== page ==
For two fundamental reasons, this is a weak thesis statement. For starters, world hunger cannot be adequately covered in seven to ten pages. Second, many of the causes and effects are hazy. You should be able to distinguish between distinct causes and effects. A revamped thesis could look something like this:

Because jobs are limited and farming in the poor soil is rarely successful, hunger prevails in Glandelinia. This is an effective thesis statement since it narrows the subject to a more particular and manageable topic while also identifying the unique reasons of hunger in the community.

Some Caveats and Some Examples

A thesis statement is never a question. Readers of academic writings anticipate questions to be debated, investigated, or even answered. A query (“Why did communism collapse in Eastern Europe?”) is not an argument, and a thesis is doomed without one.

A thesis is never a list of points. “Communism collapsed in Eastern Europe for political, economic, social, and cultural reasons” does a good job of “telegraphing” to the reader what to expect in the essay—a section about political reasons, a section about economic reasons, a section about social reasons, and a section about cultural reasons.

However, the only possible grounds for communism’s demise are political, economic, social, and cultural. This sentence is devoid of tension and does not progress the argument. Everyone understands the significance of politics, economics, and culture.

A thesis statement should never be ambiguous, argumentative, or confrontational. “Communism fell in Eastern Europe because communism is wicked,” for example, would be an ineffectual position. This is difficult to discuss (evil from whose point of view? what does evil mean?) because it is more likely to portray you as moralistic and judgmental than rational and comprehensive. It may also elicit a defensive reaction among communist sympathizers. Readers may stop reading immediately if they strongly disagree with you.

An effective thesis makes a specific, definable, and debatable proposition. “While cultural forces contributed to the collapse of communism in Eastern Europe, economic disintegration played a key role in driving its decline,” is an effective thesis sentence that “telegraphs,” so the reader expects the essay to have a section about cultural forces and another about economic disintegration.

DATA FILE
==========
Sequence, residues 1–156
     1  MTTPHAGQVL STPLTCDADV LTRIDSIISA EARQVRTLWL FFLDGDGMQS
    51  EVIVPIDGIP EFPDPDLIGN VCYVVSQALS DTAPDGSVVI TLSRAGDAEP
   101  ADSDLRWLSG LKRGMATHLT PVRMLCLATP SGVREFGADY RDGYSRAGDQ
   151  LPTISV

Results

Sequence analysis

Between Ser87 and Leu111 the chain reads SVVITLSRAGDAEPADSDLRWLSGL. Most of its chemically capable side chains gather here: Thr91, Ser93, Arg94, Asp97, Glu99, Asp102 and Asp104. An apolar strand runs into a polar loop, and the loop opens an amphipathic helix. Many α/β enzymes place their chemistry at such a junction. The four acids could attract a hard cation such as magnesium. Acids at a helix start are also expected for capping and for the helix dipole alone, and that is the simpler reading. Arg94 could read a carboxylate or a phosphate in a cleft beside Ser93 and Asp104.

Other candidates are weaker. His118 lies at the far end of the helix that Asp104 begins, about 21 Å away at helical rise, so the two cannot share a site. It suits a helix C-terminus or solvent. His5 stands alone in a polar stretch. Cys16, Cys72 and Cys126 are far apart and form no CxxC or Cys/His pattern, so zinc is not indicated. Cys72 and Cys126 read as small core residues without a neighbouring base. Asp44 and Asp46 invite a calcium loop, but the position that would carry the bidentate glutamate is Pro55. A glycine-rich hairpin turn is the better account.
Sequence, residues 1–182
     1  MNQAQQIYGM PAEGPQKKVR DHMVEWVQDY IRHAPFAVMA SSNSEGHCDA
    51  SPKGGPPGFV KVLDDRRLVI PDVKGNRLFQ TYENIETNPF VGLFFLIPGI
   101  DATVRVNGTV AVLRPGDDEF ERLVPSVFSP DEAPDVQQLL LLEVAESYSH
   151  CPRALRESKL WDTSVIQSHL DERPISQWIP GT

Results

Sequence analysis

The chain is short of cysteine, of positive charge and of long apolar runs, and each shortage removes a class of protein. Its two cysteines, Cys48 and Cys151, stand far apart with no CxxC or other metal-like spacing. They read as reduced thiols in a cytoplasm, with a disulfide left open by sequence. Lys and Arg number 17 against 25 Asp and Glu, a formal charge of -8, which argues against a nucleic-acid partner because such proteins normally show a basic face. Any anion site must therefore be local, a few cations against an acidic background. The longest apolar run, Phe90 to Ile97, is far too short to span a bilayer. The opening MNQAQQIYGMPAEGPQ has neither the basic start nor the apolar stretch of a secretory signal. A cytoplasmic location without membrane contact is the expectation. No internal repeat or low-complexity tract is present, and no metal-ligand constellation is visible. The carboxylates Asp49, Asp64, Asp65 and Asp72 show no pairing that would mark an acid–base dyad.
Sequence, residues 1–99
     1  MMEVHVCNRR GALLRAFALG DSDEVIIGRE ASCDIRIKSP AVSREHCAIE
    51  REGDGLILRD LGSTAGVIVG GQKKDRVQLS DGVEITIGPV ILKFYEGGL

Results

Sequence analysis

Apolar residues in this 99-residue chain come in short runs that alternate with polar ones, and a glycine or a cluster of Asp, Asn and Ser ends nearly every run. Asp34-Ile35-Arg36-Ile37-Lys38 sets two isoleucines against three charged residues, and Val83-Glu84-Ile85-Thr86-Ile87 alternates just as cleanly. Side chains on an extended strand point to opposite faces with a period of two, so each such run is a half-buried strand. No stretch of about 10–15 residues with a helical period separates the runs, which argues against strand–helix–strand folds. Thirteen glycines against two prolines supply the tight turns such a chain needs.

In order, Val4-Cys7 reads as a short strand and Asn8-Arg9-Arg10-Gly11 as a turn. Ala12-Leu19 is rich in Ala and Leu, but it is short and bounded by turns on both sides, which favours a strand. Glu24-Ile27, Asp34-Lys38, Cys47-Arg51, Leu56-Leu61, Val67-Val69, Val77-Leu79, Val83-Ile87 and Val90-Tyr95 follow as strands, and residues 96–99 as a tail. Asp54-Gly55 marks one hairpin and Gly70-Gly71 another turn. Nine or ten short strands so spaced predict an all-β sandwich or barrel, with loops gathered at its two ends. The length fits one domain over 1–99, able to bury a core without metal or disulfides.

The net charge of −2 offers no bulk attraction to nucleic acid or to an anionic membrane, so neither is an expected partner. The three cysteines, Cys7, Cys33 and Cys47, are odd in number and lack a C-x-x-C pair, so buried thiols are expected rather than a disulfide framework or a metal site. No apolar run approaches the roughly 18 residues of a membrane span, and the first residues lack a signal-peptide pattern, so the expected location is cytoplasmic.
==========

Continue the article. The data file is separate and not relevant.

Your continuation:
This thesis presents a clear, debatable claim: economic collapse was more crucial than cultural influences in the defeat of communism in Eastern Europe. The reader’s reaction to this statement might be, “Perhaps what the author claims is accurate, but I’m not convinced.”

A thesis should be as specific and unambiguous as feasible. Avoid using overused, broad phrases and abstractions. “Communism failed in Eastern Europe because of the governing elite’s incapacity to handle the people’s economic concerns,” for example, is more forceful than “Communism collapsed owing to social unrest.”

The Qualities of a Solid Thesis Statement

When writing a thesis, you must consider not only the format, but also other factors such as position in the paper, length and the strength of the argument.

Length: Depending on how many elements are mentioned, a thesis statement can be brief or long. However, it is usually only one short sentence. It does have at least two clauses, which are usually an independent clause (the viewpoint) and a dependent clause (the reasons). You should usually strive for a single sentence that is at least two lines long, or about 30 to 40 words.

Position: A thesis statement should always appear at the start of an essay. This is due to the fact that it is a sentence that informs the reader of what the writer is about to address.

Professors will have varied preferences for where the thesis should be placed, but a reasonable rule of thumb is within the last two or three phrases of the introduction paragraph.

Finally, in order for a persuasive proposition to be strong, it must be arguable. This suggests that the assertion isn’t self-evident, and it’s not something that everyone agrees on.

The bottom line

At this point, you definitely understand what is the purpose of a thesis statement. You also understand the tips and also the mistakes to avoid whenever you are tasked with an assignment that requires you to use a thesis statement.

However, it is normal for students to experience challenges when crafting their essays. It could be a tight deadline or maybe just a difficult task. Whenever you need assignment help in any subject, our team of expert writers is here for you. Contact us today.